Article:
Employee Lisa Benford Triumphs Over Breast Cancer, Named a Pink Warrior

HOUSTON, October 25, 2012 – Lisa Benford’s training as a microbiologist had prepared her to study rare and fatal illnesses such as tuberculosis, the world’s second most deadly disease. Nothing, though, could have prepared her for the horrific diagnoses she and her mother received eight years apart.  

Both women were diagnosed with breast cancer

Their tale of survival was so compelling that Ford Motor Co. named them Warriors of Pink/Models of Courage for 2012. Benford, biological safety officer at the University of Houston, and her mother, Ruby Wilson, were among 11 women and men chosen nationwide to serve as models of courage for the company’s charitable apparel line

The program provides Benford with an opportunity to share her story, which she hopes will inspire men and women afflicted with breast cancer, as well as raise awareness about the importance of early detection and cancer research. Her own ordeal began in March 2008 when she learned she had the disease.

 “I was shocked,” Benford said. “My first thoughts were my doctor had mixed my mom’s chart with mine, because we have the same doctor and I had taken my mammogram on schedule, a year and a day after my last one. He told me he had the right chart, that he wanted biopsies of some areas and that it looked like a ductal type of breast cancer.”

The days following the diagnosis were chaotic. Her sons, 14-year-old Trey and 10-year-old Joshua; her brother, Stacy; and other family members took the news hard. Her mother, who had battled the disease in 2000, “went silent when I told her and then she cried,” Benford said. Her husband, Bennie, was devastated. 

“Just a few months ago, he told me exactly what he was feeling at that time. He told me he had asked God for a wife. When I got the diagnosis, he thought ‘God, you can’t take that wife away from me because you gave her to me.’ He thought he was going to lose me, so he prayed.  He said God told him that ‘she will be with you to help you raise your children.’” 

Benford struggled with her own doubt as well.

“I went through a period of wondering why this was the path God had chosen for me,” she said, recalling the night she received the diagnosis when her husband tried to persuade her to attend Bible study at their church.

“I asked him, ‘Why are we going? It does no good. If you're doing what you're supposed to do, if you’re going to church, serving God, then why is this cancer in me?’” Benford said. “I was angry, but I'm so happy I went. I cried so much at that service.”

Eventually Benford overcame her anger, but she faced even more challenges and fear. A day after her first operation in March 2008 at Methodist Hospital, she could barely breathe. “I was given this tube with a ball inside, and I was supposed to breath hard enough to move the ball up. I couldn’t do it,” she said.  “I’m so glad that my mother was with me.”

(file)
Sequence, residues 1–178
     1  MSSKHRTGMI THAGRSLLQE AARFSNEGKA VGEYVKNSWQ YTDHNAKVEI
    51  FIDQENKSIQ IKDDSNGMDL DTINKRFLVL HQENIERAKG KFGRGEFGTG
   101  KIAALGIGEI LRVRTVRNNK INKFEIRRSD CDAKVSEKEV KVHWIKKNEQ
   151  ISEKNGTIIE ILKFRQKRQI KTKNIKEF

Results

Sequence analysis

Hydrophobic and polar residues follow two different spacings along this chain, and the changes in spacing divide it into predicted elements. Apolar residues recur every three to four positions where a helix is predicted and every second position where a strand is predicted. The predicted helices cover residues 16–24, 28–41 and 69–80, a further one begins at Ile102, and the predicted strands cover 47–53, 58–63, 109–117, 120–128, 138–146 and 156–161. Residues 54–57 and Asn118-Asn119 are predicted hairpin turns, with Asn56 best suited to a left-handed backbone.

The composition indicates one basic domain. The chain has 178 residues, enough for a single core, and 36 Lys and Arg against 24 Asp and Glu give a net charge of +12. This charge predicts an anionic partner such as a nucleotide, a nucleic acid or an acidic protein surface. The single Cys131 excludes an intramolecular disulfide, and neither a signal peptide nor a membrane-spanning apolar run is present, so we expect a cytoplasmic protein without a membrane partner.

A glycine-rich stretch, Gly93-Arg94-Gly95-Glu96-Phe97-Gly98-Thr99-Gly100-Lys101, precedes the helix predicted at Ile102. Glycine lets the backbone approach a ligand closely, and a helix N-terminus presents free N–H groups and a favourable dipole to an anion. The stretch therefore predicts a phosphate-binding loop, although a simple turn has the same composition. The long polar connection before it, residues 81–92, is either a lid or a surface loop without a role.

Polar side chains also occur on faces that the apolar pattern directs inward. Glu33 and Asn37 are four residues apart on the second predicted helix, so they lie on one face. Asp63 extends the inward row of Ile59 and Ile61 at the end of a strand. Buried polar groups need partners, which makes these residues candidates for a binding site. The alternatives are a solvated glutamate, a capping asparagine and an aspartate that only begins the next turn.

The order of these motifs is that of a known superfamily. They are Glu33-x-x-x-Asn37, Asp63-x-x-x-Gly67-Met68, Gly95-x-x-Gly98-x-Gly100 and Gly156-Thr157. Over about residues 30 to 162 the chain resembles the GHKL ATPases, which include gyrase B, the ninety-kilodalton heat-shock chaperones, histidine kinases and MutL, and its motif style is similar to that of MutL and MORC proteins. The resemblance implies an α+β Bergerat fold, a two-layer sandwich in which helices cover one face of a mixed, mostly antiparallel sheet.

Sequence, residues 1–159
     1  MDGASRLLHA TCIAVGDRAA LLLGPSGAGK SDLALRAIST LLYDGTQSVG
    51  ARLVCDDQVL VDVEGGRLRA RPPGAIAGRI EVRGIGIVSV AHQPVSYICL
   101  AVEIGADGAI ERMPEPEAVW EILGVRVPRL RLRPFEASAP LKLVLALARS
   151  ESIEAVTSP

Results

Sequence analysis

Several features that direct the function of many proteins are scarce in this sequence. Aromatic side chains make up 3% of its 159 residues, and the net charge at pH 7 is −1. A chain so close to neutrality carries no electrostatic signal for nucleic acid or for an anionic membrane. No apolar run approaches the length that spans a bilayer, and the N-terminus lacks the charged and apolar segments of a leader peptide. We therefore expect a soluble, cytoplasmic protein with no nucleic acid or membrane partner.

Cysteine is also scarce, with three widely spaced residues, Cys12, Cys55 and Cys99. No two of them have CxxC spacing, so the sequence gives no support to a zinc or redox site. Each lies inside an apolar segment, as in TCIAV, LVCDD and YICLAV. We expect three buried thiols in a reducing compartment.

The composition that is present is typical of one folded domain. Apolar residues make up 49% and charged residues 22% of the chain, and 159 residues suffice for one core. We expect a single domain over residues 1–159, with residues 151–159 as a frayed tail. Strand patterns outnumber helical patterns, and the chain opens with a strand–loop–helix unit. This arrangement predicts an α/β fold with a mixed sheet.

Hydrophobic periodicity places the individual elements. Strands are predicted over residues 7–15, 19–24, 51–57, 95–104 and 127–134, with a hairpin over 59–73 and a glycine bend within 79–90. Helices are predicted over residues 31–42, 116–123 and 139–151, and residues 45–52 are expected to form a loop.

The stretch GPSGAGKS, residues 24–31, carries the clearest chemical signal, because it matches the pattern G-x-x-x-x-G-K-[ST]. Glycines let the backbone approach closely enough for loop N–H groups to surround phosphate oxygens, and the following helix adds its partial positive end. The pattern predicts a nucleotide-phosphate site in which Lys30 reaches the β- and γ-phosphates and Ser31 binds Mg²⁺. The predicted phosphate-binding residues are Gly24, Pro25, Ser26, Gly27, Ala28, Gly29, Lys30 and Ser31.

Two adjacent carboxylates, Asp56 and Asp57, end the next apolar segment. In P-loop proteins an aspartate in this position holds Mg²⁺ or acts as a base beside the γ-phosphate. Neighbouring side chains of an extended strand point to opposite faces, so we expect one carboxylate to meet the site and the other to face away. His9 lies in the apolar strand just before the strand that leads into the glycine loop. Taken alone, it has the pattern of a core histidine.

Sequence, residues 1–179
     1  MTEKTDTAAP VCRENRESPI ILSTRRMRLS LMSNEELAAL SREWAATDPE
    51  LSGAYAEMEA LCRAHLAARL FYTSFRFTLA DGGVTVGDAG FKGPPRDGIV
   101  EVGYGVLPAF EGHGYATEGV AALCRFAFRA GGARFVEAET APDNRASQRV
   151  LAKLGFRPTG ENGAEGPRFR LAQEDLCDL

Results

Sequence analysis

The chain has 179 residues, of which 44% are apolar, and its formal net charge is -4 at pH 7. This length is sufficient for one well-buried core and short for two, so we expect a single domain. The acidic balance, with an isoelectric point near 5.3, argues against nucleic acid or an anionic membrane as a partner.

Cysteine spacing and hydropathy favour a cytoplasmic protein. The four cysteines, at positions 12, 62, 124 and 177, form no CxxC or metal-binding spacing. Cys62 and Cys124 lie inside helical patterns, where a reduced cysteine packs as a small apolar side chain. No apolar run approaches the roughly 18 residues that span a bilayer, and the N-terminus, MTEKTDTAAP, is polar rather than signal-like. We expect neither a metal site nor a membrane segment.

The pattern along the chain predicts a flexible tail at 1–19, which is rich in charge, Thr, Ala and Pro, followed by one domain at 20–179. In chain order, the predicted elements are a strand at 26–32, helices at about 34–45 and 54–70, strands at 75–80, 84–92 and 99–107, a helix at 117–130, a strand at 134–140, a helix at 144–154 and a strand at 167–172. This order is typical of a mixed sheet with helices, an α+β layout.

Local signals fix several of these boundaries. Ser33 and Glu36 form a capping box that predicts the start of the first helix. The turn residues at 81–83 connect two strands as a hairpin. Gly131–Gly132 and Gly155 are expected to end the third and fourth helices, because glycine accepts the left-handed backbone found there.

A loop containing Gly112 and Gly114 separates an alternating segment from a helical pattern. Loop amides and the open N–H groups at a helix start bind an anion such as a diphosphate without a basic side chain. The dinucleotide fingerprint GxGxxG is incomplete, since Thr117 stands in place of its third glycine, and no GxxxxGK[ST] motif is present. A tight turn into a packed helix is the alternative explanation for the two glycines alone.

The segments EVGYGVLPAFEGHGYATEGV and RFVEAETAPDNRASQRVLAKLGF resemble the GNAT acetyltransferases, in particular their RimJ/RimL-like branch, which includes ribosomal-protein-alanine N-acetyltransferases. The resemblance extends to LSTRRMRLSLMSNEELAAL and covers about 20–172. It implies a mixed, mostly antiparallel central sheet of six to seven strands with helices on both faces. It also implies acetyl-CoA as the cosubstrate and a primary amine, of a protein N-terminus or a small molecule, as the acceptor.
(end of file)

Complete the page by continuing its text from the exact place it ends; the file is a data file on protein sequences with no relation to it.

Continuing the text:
Wilson, a nurse at Methodist, alerted the hospital staff. Benford was immediately rushed to the intensive care unit. She stayed in ICU for four days, recuperating from blood clots that had formed in her legs and lungs. After the crisis had passed, Benford spent several nights, lying awake in her hospital bed, afraid to sleep because “I thought I was going to die,” she said.

Over time and with her family’s support, she soon resumed her life as a wife, mother and as a UH staff member. She credits her recovery, both physically and mentally, to her faith, doctors, family and friends.

Now, Benford and Wilson, both of whom are cancer free, are active in the fight against breast cancer. They participate in activities sponsor by the Sisters Network, an African-American breast cancer survivorship organization, and the Susan G. Komen for the Cure, Houston, which nominated them for the Ford honor. 

Since being selected as Warriors in Pink/Models of Courage earlier this year, the two have been busy, representing the company at the Houston Art Car parade and appearing in videos posted on Ford’s Facebook page and website and in ads published this month in various women’s magazines. 

Despite all the media attention and her hectic schedule, Benford manages to make time to offer counsel and comfort to people with breast cancer and similar health problems. She advises women and men to know their bodies, to get yearly mammograms and physical exams and, if diagnosed with cancer, to have a spiritual foundation and the support of family and friends.

Looking back on her own experience, Benford said although her journey wasn’t easy, “everything works for good for those who love God.”

Francine Parker